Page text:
Mickey Callaway apparently was serious about needing Wilson Ramos to catch Jacob deGrom’s starts in the playoffs, if the Mets rebound do qualify for October baseball.
Ramos caught deGrom’s second straight strong start Thursday, after backup Tomas Nido had appeared to be emerging as the reigning NL Cy Young Award winner’s personal backstop in catching the righthander’s previous three outings.
DeGrom lasted seven innings, allowing two earned runs and striking out eight but got a no-decision against the Cardinals at Citi Field.
“I think we’re at the point where we're just going to [use them together],” Callaway said of Ramos and deGrom before the series opener against the Cardinals. “Wilson is our starter, there’s no secrets about it. He’s been very productive at the plate. He’s caught everybody very well, in my opinion.
“So he’s gonna catch when he’s supposed to catch, no matter who’s pitching that day. I think we’re at that point.”
DeGrom has posted a 1.16 ERA in six games with Nido as his batterymate this season, compared with a 4.50 ERA in seven starts caught by Ramos, one of the Mets’ key free-agent acquisitions last winter. The latter number also includes six innings of two-run ball with 10 strikeouts by deGrom with Ramos behind the plate in a 5-1 loss to Colorado last Friday.
“They did get on a roll, and I thought they were on the same page the other day,” Callaway said. “It was never as much about what was going on with Wilson calling games, or how Wilson was catching deGrom. It was more the fact that deGrom was having some success with Nido.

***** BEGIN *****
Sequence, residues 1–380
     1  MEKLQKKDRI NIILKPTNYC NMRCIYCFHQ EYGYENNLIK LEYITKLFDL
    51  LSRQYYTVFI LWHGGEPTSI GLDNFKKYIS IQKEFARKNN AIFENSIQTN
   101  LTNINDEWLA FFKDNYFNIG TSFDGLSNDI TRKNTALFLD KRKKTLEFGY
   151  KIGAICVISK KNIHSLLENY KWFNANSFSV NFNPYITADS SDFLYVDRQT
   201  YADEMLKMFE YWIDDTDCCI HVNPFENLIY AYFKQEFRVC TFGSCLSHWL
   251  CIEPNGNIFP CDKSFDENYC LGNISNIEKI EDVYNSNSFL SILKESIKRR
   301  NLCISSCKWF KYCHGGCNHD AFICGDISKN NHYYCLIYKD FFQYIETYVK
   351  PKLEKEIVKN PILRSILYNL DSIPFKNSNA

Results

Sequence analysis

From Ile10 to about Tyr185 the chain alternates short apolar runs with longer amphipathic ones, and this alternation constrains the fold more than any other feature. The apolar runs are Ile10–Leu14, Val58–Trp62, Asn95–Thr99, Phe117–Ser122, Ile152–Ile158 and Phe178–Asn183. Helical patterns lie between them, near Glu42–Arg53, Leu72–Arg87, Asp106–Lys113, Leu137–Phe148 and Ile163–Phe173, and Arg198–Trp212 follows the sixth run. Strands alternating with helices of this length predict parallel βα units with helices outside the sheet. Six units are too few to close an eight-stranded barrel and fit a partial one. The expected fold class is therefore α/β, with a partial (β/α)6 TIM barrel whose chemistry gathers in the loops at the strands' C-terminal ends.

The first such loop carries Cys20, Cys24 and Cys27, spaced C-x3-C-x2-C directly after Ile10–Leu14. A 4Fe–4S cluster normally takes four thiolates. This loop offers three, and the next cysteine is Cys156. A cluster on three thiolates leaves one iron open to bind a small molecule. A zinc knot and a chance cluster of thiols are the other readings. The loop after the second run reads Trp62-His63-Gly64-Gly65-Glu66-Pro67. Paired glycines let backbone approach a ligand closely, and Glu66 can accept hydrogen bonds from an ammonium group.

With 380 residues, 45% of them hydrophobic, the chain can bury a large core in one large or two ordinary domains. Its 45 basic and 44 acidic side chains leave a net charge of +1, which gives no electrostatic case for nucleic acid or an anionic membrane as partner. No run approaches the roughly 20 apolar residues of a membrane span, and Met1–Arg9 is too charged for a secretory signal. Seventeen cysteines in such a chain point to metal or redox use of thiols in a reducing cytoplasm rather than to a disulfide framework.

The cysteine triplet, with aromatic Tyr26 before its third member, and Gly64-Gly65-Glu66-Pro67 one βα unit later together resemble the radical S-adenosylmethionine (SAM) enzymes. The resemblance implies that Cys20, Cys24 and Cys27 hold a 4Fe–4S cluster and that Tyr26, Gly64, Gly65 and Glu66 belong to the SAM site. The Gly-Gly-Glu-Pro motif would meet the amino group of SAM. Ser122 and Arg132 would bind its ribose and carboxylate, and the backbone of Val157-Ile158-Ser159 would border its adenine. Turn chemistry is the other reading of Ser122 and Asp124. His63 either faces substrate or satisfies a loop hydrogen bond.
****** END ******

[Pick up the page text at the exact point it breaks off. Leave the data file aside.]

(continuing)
“So it was kind of independent of Wilson. But we’re at this point now where Jacob’s on a roll, he punched out 10 with Wilson the other day. He looked great, had electric stuff, he was executing his pitches. And if he does that, it doesn’t matter who’s catching him.”
Callaway also joked that the reporter who asked about the arrangement “could go out there and catch [deGrom] and he’s gonna win.”
The manager also had scoffed last week when asked about Nido possibly becoming deGrom’s personal catcher, saying, “We could [keep them together], but then in the playoffs we'd be running into a sticky situation.”
Ramos, 31, signed a two-year deal worth $19 million last winter. Entering Thursday’s game, he was batting .277 with 35 RBIs, which tied him for second on the Mets with Amed Rosario behind rookie Pete Alonso’s 49 RBIs.
DeGrom, who tossed a season-high 116 pitches, lost his chance for his fourth victory when Edwin Diaz blew a two-run lead with two outs in the ninth. DeGrom lowered his ERA to 3.38 overall, still nearly double the NL-best 1.70 he’d posted over 32 starts in 2018. He allowed one run on Matt Carpenter’s infield single against the shift in the third inning and another on Paul DeJong’s solo homer in the sixth.
“He’s a great pitcher,” Callaway said, “and he understands that it’s his ability to execute pitches that’s going to allow him to have success or not.”